VOL. 128 | NO. 34 | Tuesday, February 19, 2013
Capital Gains Tax Could Hurt Local Real Estate
By Sarah Baker
When investor/developer Phil Woodard sells his warehouse at 138 St. Paul Ave. in the South Main Historic Arts District to nonprofit ArtSpace this year for $850,000, he’ll be handing over $3,500 from his proceeds to the federal government.
That’s because as of Jan. 1, many investors below the top tax bracket owe an additional 3.8 percent Medicare surtax on passive investment income from interest, dividends, rents and capital gains. The tax falls on individuals with an adjusted gross income above $200,000 and couples filing a joint return with more than $250,000.
Woodard bought the Class A warehouse for $600,000 in 1999. Its 2012 county appraisal was $436,800.
“If you sell something now, it’s going to take a pinch,” Woodard said. “The way the economy’s going now – the real estate was just kicking in, people were starting to buy. The low-end and the high-end stuff was actually selling.
“Is this going to change it? Do we add money to every condo we sell over $250,000? We have to be careful.”
The 3.8 percent tax comes after the top capital gain tax rate was permanently increased from 15 percent to 20 percent under the American Taxpayer Relief Act of 2012. It results in an overall 23.8 percent rate for higher-income taxpayers – a 58 percent increase from 2012 tax rates, according to the Qualified Intermediary firm Asset Preservation Inc.
“It’s definitely a pretty good dent,” said Preston Thomas of Colliers International. “You can sometimes have a gain in a property without making money on it that you have to pay tax on depending on what your basis is in it.”
Thomas said the 3.8 percent on smaller transactions wouldn’t be a big deal. But as larger transactions come around, it’s a substantial cost to the seller, which in turn is a cost to the buyer.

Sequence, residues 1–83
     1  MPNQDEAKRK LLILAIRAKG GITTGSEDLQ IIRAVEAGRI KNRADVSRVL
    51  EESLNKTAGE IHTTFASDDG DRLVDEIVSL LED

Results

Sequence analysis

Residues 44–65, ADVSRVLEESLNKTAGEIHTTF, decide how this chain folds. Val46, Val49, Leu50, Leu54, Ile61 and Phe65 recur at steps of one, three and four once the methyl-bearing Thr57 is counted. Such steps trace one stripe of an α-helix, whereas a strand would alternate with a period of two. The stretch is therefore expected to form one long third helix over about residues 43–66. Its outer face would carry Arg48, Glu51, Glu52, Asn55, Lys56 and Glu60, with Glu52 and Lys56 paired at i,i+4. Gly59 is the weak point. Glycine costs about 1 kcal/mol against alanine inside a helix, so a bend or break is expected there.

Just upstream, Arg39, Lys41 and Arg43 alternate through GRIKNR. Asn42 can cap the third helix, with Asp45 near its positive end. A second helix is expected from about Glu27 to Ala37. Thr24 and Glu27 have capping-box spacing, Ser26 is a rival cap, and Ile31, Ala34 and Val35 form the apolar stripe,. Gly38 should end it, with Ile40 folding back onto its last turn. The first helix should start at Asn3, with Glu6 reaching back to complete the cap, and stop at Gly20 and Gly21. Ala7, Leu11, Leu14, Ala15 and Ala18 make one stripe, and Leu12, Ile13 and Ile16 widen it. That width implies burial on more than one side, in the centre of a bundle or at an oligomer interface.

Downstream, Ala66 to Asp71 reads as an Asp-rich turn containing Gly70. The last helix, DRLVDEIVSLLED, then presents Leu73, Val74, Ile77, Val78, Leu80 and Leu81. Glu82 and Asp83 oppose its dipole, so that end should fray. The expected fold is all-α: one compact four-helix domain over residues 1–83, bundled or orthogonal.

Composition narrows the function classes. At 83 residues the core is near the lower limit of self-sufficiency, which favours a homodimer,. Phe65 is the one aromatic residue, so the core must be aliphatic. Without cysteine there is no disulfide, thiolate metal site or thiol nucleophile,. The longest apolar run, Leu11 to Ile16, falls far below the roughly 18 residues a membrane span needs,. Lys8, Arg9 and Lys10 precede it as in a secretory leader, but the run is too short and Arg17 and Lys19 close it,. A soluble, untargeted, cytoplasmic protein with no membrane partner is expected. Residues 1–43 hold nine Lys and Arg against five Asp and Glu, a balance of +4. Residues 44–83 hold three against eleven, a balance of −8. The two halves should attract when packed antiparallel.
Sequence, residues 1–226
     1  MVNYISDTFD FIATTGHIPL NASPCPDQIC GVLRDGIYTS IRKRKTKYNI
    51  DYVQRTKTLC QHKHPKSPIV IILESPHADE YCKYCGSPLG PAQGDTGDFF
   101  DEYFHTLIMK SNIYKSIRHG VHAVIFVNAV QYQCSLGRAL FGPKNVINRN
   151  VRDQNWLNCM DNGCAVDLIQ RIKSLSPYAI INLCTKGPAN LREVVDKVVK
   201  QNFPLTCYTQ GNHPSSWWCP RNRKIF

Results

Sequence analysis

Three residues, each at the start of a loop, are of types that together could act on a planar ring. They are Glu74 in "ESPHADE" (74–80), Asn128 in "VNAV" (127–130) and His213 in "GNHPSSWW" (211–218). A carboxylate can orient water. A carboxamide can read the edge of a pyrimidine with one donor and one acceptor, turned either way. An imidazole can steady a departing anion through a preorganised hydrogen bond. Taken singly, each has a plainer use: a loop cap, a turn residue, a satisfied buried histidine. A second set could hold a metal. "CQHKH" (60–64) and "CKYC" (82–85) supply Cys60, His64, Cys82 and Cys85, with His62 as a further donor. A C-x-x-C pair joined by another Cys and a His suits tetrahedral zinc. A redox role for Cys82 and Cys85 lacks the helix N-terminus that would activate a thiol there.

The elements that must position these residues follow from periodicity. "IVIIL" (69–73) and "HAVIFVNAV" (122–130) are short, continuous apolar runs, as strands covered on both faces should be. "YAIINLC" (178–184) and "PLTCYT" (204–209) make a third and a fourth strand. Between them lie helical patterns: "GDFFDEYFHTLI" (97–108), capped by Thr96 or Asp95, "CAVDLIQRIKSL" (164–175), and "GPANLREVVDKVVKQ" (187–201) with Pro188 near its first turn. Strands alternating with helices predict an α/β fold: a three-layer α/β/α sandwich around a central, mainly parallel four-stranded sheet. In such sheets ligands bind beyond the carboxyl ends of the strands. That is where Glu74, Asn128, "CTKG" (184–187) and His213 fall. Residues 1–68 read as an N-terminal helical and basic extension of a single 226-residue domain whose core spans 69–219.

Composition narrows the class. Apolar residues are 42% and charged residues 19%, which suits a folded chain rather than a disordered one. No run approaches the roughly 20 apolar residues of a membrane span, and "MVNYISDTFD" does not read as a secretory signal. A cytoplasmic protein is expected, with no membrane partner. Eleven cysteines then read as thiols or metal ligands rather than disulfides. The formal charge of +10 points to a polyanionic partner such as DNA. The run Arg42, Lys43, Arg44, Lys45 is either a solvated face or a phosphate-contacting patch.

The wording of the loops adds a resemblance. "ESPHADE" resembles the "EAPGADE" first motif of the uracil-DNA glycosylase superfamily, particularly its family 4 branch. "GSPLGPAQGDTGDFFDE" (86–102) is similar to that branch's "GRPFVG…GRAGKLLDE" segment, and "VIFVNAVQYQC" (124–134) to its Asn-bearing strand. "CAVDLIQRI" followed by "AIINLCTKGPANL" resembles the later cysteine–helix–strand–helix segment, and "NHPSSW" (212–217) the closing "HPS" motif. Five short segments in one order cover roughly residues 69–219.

“The seller’s got to make up for it somewhere, so they’re going to try to get a higher price for the real estate,” Thomas said. “I don’t think it’ll help (the market). It just kind of is what it is. Depending on if we’re representing sellers or buyers, it’s something that needs to be addressed on the front end so everybody’s aware of it. It is definitely very relevant.”
Johnny Lamberson of CB Richard Ellis Memphis’ investment sales division said he hasn’t heard sellers suggest that they’re not going to sell because of capital gains yet, but it’s still early in the year.
While no one wants to pay more taxes, he expects the new tax to affect the types of purchasing entities involved in a particular deal differently.
“A lot of these folks quite honestly, especially the big boys, when they sell something they’re going to go into a 1031 Exchange anyway, so they’re not going to pay that tax,” Lamberson said. “Whereas if it’s a private syndication or a partnership where this may be their only deal with no plans of any future deals, then they’re the ones that are going to be affected by that.”
Also known as a tax deferred exchange, a 1031 exchange can take place if an entity sells an office building, for example, and that entity is allowed in a certain timeframe to go buy another office building and use the first sale’s proceeds to buy it. The seller then postpones paying the tax.
Mark Halperin of Boyle Investment Co. agrees with the idea that it might influence the larger institutional type seller less than it might affect the smaller, individually owned seller. But he said the tax is not going to affect Memphis any differently than it would affect St. Louis or Phoenix.
What hurts Memphis more, Halperin said, is the city’s real estate taxes on commercial property. An office building here can have double the taxes of a comparable property in Nashville.
Boyle, a development company that buys far more often than sells, hasn’t yet felt the sting of this year’s adjustments to capital gains. In the event that the firm does sell, Halperin said they’d try to raise the price to compensate – if the market allowed it.
“The market determines the price, not the taxes,” Halperin said. “It’s going to be less net revenue for the seller. For some people, they may be reluctant to sell. As taxes get higher, it can impede the velocity of sales, depending on the individual circumstances of the seller.”